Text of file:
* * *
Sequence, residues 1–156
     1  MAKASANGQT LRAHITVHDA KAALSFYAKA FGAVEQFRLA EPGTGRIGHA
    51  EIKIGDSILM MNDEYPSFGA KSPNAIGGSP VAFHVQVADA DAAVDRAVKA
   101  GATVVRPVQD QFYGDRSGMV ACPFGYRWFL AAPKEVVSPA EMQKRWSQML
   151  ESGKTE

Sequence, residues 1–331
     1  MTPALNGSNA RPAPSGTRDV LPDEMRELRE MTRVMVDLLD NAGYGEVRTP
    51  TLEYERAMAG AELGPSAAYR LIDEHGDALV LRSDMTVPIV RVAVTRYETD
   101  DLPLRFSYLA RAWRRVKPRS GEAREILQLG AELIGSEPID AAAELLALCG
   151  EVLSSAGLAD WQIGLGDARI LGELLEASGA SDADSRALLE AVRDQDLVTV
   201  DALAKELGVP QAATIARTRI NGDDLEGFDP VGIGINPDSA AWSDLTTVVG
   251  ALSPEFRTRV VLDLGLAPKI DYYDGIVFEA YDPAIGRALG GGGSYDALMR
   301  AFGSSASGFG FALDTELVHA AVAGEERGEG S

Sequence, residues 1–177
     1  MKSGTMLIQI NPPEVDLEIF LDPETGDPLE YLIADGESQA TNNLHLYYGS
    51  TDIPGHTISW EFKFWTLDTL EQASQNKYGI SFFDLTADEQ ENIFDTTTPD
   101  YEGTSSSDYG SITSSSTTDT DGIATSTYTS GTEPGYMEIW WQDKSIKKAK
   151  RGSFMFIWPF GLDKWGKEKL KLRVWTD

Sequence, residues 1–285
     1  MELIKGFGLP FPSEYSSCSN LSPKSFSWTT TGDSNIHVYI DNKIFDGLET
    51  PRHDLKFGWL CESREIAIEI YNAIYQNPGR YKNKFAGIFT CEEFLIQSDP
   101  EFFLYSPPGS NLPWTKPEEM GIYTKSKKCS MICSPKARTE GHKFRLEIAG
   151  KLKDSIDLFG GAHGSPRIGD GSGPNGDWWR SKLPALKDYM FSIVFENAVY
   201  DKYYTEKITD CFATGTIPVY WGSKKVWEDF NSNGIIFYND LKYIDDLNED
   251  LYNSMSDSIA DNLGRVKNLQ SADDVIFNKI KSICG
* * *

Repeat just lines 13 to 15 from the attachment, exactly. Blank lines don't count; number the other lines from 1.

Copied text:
   301  AFGSSASGFG FALDTELVHA AVAGEERGEG S

Sequence, residues 1–177
     1  MKSGTMLIQI NPPEVDLEIF LDPETGDPLE YLIADGESQA TNNLHLYYGS